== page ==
Das Gupta, J.
1. This appeal arises out of an application under s. 33C(2) of the Industrial Disputes Act. The respondent A. R. Chacko was working as a clerk in the Coimbatore Branch of the appellant-Bank when by an order dated June 19, 1959, he was promoted as Accountant and was transferred to the Alleppy Branch of the Bank. The appellant's pay in the new post was fixed by an order on July 16, 1960. By this order he was allowed Rs. 120 as basic pay in the new grade of Rs. 120-10-160 from January 1, 1960. From August 1, 1960 and thereafter he was allowed to draw Rs. 10 per month as CAIIB allowance. The petitioner's case in the application under s. 33C(2) is based on the contention that after his promotion to the post of accountant with additional supervisory duties he was entitled to the special allowance of Rs. 40 under Para 164 of the Sastry Award. His case is that he was entitled from the date of his joining as accountant, i.e., from July 13, 1959 (a) to a basic pay of Rs. 95 of his old grade with annual increments due on December 1, every year i.e., at the rate of Rs. 95 in the month of August, September, October and November 1959 and thereafter at the rate of Rs. 100 from December 1959 to November 1960, and thereafter at the rate of Rs. 106 from December 1960; (b) special allowance of Rs. 40 per month for the additional supervisory duties and (c) dearness allowance in terms of the award. The total amount to which he would be entitled thus would be Rs. 4,495.22. The amount actually paid to him for the period July 13, 1959 to the end of March 1961 for which the application was brought was Rs. 3637.73. He claimed to be entitled to the additional amount of Rs. 855.49 and prayed that the Labour Court be pleased to issue a certificate for this amount to the Collector authorising the Collector to recover the amount in accordance with law.
2. In resisting this application the Bank contended (1) that such an application under s. 33C(2) of the Industrial Disputes Act, 1947 was incompetent, (2) that in any case the matter would be one within the jurisdiction of an industrial tribunal and not the Labour Court, (3) that the Sastry Award had ceased to be operative from March 31, 1959 long before the date of the respondent's appointment as an accountant and so no benefits accrued to him under that award and (4) by his appointment as accountant the respondent had ceased to be a workman and was therefore not entitled to the benefits of the Sastry Award. The Labour Court rejected all these objections and allowing the application, computed the amount due to the respondent from the Bank to be Rs. 855.49. Against this decision the present appeal has been filed by special leave.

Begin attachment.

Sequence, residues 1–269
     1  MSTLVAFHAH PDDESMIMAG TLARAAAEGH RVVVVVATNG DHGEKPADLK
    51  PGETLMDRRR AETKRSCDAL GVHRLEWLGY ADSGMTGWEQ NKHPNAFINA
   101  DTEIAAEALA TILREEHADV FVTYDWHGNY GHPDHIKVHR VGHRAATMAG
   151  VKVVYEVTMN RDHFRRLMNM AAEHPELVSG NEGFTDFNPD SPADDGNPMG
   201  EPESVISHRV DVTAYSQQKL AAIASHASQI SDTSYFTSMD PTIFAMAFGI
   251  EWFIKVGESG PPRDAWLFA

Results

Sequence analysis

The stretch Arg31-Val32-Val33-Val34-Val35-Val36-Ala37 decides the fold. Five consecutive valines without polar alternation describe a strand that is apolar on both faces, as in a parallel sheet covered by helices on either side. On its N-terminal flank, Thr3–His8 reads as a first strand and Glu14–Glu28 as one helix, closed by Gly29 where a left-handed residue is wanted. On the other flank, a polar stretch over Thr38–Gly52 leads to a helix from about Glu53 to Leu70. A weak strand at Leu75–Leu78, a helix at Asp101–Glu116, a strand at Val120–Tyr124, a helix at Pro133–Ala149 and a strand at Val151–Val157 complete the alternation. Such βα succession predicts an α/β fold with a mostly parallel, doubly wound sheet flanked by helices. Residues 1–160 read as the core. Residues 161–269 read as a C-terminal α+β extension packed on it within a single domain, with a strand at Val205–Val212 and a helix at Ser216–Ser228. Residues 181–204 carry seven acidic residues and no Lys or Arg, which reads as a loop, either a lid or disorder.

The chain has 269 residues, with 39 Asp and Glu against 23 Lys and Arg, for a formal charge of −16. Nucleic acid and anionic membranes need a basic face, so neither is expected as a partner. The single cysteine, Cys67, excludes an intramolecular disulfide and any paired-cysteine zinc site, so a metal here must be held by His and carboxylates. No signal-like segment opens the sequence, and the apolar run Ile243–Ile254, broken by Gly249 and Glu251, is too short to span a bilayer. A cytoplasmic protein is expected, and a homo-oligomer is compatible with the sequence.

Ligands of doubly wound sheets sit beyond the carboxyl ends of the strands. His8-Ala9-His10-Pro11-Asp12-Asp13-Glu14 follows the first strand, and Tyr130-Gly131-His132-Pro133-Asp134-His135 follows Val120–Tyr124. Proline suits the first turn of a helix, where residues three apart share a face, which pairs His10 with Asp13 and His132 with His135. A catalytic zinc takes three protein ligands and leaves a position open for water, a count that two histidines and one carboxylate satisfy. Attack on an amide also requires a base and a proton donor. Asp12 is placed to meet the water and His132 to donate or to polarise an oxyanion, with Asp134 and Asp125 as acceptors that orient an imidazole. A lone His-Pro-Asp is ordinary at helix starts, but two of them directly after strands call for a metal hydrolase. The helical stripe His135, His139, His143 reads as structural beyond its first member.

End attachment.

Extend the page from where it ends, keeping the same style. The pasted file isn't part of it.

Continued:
3. The first objection raised by the Bank is now concluded by the decision of this Court in the Central Bank of India v. P. S. Rajagopalan : (1963)IILLJ89SC where it has been held that such an application by workmen lies under s. 33C(2) of the Act.
4. In support of the second objection Mr. Setalvad drew our attention to the second schedule to the Industrial Disputes Act, which sets out the matters within the jurisdiction of the Labour Court, but does not include any which could be said to cover an application under s. 33C(2). The contention is clearly misconceived. The schedule refers specifically to s. 7 of the Act. That section lays down that the appropriate government may, by notification in the official gazette, constitute one or more Labour Courts for the adjudication of industrial disputes relating to any matter specified in the second Schedule and for performing such other functions as may be assigned to them under this Act. Section 33C(2) in terms assigns the determination of the amount of benefit to which the workman is entitled to receive from the employer and which is capable of being computed in terms of money to such Labour Court as may be specified in this behalf by the appropriate Government. Clearly, therefore, the Labour Court as specified by the government and not the Industrial Tribunal has jurisdiction to deal with this matter.
5. In support of the third objection raised by the Bank Mr. Setalvad drew our attention to s. 4 of the Industrial Disputes (Banking Companies) Decision Act, 1955, and argued that in view of this provision the respondent was not entitled to any benefit of the Sastry Award in July 1959 when he was asked to perform the additional supervisory duties. Section 4 runs thus :-
'Notwithstanding anything contained in the Industrial Disputes Act, 1947, or the Industrial Disputes (Appellate Tribunal) Act, 1950 the award as now modified by the decision of the Labour Appellate Tribunal in the manner referred to in s. 3 shall remain in force until March 31, 1959.'